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Quantitative Paleozoology describes and illustrates how the remains of long-dead animals recovered from archaeological and paleontological excavations can be studied and analyzed. The methods range from determining how many animals of each species are represented to determining whether one collection consists of more broken and more burned bones than another. All methods are described and illustrated with data from real collections, while numerous graphs illustrate various quantitative properties.
1. Tallying and counting: fundamentals;
2. Estimating taxonomic abundances: NISP and MNI;
3. Estimating taxonomic abundances: other methods;
4. Sampling, recovery, and sample size;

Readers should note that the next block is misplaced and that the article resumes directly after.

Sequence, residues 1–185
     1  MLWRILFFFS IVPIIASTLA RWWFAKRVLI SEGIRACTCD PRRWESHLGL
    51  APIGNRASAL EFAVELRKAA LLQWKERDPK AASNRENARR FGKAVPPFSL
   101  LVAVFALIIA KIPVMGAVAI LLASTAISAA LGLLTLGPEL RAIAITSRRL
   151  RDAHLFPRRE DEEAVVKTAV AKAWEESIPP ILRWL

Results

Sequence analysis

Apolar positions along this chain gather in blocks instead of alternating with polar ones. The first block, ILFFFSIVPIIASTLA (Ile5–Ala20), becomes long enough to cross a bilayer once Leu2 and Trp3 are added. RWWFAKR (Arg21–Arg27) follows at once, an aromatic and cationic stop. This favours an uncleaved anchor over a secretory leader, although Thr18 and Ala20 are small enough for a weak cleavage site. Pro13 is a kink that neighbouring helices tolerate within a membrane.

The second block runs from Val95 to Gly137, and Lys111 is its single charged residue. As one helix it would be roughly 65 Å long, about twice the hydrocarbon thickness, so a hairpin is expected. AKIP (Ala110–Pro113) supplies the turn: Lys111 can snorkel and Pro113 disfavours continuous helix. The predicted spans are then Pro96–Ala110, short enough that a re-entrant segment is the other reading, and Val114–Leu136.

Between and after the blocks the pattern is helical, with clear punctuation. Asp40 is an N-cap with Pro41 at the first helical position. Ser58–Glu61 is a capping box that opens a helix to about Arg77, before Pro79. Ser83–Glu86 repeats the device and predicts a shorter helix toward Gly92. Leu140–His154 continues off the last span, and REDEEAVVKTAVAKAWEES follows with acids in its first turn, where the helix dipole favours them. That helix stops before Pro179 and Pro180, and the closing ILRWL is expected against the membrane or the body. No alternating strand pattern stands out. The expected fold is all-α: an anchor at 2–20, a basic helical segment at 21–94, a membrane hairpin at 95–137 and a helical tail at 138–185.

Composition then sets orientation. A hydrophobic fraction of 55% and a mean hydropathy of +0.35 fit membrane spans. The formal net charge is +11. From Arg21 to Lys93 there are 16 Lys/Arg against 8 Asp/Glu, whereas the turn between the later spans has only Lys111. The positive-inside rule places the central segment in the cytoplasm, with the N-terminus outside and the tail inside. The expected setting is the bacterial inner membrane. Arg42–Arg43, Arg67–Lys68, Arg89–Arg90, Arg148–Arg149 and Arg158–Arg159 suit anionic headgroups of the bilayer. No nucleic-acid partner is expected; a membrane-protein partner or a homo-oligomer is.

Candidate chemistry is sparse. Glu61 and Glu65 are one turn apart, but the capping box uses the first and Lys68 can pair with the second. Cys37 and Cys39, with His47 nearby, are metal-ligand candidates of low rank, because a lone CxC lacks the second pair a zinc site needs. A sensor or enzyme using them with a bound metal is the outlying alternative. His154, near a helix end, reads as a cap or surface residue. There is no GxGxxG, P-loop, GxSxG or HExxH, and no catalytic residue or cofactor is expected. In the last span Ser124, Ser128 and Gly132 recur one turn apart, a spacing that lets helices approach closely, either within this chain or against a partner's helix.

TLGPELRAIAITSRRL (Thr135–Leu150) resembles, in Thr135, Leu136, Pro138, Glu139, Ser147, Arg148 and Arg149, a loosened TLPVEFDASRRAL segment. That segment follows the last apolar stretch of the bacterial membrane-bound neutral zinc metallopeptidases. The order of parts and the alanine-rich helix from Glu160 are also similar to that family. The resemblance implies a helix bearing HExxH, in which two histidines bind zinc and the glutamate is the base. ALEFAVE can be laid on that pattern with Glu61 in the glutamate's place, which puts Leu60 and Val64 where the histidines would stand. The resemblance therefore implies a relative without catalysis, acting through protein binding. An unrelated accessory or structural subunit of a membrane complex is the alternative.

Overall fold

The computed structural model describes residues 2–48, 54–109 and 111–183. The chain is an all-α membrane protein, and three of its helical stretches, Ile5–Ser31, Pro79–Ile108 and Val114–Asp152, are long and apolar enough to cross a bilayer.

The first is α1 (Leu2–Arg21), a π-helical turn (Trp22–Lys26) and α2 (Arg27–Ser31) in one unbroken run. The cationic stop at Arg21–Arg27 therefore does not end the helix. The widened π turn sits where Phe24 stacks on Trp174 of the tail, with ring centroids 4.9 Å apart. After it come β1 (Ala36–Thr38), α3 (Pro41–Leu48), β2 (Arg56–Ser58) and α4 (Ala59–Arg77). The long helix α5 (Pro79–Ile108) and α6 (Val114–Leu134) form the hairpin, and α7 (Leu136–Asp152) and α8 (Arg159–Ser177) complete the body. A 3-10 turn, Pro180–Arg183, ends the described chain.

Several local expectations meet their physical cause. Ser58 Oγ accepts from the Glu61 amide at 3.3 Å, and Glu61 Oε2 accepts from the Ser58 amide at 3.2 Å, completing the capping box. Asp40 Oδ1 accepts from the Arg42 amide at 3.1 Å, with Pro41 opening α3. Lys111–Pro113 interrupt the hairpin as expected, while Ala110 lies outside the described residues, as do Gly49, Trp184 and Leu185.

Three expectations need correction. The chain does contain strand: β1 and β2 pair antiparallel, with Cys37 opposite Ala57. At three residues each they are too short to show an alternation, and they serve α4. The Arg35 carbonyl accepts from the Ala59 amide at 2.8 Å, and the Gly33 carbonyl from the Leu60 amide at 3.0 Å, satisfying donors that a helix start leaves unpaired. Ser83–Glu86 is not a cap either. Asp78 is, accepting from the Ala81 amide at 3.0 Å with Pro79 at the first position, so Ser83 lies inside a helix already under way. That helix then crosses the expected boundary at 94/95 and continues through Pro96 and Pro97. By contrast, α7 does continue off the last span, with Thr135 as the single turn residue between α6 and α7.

5. Measuring the taxonomic structure and composition ('diversity') of faunas;
6. Skeletal completeness, frequencies of skeletal parts, and fragmentation;
7. Tallying for taphonomy: weathering, burning, corrosion, butchering;
8. Final thoughts.
R. Lee Lyman is professor of anthropology at the University of Missouri-Columbia. A scholar of late Quaternary paleomammology and human prehistory of the Pacific Northwest United States, he is the author of Vertebrate Taphonomy and most recently coedited Zooarchaeology and Conservation Biology.
Quantitative Paleozoology is practical and useful, and does exactly what it is meant to do-provide a clearly-organized and well-cited reference manual that both students and professionals in zooarchaeology and paleontology (collectively referred to as 'paleozoology') can pick up, understand, and implement. --PaleoAnthropology